1. INTRODUCTION TO SELLING – Click to view
  2. PROCESS OF SELLING – Click to view
  5. PERSONAL SELLING – Click to view
  8. SALES SETTING – Click to view





Selling is the actual exchange of products and services at an agreed sum of money. It is one of the activities in the entire marketing process. Marketing activities/processes supports selling and this include;

  • Branding.
  • Segmentation.
  • Packaging.
  • Positioning.
  • Advertising.

Selling can also be defined as transfer of ownership and possession of goods to the purchasers or buyers.
Selling is also the large step of branch of commerce where the buyer exchanges cash for goods/services.
It can also be referred to as persuading customers that you offer products or services they are looking for.

Evolution of selling has had many several distinct phases of development during in 19th to20th century.
Industrial revolution of late 19th century caused tremendous amount of exchange of goods between people and all nations all over the world. Strategic resources i.e. capital and other resources of companies were controlled. Sales success was defined by sales quotas in 1860 to 1960.from 1960,a new generation started. It was called informative age.
From 1960 till now, information has radically changed on how selling is being conducted. This has resulted in attitudes and methods towards selling change. In this age, strategic resource of a business is information and it is defined by customer relationship. There are plenty of businesses doing selling in old school way and don’t want to change to the modern methods.
Some businesses are doing it in their old way yet they are very successful e.g. Avon-direct door to door(they deal with women cosmetics)sales. Major advances in manufacturing and transporting have made processing resources and capital major aims of business. This naturally required skilled people with talents in persuading and providing goods to a broad range of buyers.
Companies such as Avon are still using same old ways of selling as their founders in the end of 19th century did and found themselves more successful. Selling in a way should be adopted in a product being sold. During the wave of innovation-FAB-Future Advantage Benefit was introduced.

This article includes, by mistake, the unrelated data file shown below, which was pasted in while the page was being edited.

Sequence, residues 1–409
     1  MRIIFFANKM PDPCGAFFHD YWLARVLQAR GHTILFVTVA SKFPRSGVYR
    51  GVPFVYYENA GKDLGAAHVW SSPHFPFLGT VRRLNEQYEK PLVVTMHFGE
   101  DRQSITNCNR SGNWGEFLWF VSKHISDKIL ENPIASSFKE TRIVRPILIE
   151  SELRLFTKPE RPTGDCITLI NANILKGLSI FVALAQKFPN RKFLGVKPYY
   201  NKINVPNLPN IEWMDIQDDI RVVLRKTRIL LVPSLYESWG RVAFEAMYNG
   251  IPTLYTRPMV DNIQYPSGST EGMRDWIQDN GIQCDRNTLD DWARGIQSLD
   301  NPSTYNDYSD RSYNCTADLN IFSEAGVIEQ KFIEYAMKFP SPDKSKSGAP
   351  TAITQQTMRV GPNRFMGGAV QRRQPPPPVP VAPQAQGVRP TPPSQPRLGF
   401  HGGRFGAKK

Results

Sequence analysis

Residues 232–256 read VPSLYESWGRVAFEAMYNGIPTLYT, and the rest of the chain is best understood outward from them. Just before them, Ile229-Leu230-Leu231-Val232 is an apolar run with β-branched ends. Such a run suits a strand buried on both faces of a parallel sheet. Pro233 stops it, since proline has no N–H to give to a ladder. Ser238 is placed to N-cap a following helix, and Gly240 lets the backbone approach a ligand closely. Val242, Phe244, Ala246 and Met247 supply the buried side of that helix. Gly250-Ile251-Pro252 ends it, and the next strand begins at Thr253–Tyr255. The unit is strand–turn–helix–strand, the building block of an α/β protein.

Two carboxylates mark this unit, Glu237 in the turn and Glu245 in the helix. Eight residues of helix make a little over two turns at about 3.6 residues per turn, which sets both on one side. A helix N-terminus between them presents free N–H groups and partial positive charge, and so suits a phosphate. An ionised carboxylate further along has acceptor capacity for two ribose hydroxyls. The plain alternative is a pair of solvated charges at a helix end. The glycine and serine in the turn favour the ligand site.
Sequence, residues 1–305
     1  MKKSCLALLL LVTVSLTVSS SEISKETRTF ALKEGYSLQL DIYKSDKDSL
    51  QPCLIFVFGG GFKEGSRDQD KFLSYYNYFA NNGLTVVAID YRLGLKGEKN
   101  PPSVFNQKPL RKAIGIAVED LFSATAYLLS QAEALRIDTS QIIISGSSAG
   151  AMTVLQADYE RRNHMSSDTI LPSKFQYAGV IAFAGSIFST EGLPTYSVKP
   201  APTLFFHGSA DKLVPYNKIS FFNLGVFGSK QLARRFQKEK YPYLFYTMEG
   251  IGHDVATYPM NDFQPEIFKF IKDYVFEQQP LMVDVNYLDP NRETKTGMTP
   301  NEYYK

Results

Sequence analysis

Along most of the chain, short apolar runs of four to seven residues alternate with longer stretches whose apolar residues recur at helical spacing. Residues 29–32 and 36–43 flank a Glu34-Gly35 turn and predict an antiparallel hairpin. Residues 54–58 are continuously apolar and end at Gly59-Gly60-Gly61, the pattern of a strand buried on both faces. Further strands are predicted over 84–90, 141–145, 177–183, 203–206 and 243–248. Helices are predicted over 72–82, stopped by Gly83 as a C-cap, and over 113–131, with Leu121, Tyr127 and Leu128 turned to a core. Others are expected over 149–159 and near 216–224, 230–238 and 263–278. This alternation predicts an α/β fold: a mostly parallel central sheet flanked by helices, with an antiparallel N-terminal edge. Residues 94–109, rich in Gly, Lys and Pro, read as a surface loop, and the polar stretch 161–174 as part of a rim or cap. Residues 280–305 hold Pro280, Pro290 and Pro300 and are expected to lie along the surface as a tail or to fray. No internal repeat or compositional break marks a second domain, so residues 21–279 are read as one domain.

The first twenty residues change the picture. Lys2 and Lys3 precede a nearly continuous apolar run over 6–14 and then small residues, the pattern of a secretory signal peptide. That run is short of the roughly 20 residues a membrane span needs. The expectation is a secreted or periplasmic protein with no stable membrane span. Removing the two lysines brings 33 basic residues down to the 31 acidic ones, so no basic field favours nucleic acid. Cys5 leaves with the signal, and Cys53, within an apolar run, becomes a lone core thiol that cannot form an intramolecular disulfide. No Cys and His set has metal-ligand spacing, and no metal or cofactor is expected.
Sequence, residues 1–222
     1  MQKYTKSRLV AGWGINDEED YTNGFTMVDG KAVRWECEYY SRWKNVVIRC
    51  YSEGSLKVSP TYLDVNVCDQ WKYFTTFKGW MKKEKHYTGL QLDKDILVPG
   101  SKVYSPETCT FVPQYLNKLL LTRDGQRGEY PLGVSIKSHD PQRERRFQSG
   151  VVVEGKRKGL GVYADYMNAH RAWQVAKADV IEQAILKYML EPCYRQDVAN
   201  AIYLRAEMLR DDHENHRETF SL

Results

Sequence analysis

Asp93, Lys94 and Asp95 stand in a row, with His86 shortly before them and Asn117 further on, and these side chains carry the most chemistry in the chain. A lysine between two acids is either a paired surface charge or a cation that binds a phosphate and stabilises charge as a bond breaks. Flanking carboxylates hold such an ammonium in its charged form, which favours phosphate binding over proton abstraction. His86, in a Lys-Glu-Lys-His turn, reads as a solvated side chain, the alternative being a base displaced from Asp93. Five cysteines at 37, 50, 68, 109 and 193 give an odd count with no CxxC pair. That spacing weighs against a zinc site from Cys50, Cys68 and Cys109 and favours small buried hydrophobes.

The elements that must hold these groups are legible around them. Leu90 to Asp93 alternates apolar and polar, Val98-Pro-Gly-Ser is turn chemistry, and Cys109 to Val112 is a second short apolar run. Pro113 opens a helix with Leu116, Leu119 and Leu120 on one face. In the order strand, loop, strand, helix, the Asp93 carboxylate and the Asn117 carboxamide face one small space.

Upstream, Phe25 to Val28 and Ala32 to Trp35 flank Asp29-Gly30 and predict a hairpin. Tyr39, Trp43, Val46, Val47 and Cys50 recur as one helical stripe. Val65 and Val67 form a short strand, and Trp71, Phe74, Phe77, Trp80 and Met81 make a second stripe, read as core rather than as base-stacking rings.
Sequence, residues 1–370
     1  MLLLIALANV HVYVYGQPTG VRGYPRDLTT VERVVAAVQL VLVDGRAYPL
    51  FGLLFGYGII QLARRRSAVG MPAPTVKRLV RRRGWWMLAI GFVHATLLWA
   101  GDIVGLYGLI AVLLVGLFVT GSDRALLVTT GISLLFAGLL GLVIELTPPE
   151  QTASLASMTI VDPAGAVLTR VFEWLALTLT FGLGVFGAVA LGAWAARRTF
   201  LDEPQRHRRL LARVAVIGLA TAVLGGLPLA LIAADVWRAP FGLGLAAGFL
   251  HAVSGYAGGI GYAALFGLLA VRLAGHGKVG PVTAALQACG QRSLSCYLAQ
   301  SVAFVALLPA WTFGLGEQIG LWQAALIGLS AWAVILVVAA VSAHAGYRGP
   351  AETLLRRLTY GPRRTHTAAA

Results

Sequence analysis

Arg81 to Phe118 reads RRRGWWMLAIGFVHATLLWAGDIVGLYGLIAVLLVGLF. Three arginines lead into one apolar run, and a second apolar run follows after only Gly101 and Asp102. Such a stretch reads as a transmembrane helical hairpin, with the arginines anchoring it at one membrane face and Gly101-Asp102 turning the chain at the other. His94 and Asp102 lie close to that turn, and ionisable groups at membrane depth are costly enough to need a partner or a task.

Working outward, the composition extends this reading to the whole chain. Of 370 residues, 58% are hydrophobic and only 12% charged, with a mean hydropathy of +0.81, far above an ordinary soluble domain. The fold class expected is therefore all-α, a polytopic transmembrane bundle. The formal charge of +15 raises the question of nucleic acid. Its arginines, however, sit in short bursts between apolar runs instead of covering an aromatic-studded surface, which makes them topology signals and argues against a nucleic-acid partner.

Value selling is specified by Lambin 2008 as the next-step from all previous selling methods. It is considered to be more ethical compared to previous methods. Use of modern technology and communication is well spread in modern selling. Technology and communication facilitate and helps deliver a value in more precise and useful way e.g. B2-C and B-B.


  • The simplest way to think of the nature and role of selling (traditionally called salesmanship) is that its function is to make a sale. This seemingly obvious statement disguises what is often a very complex process, involving the use of a whole set of principles, techniques and substantial personal skills, and covering a wide range of different types of selling task. Later we will establish a more precise meaning for the term selling.
  • The literature of selling abounds with texts, ranging from the more conceptual approaches to the simplistic ‘how it is done’ approach. Companies spend large sums of money training their sales personnel in the art of selling. The reason for this attention to personal selling is simple: in most companies the sales personnel are the single most important link with the customer. The best designed and planned marketing efforts may fail because the sales force is ineffective.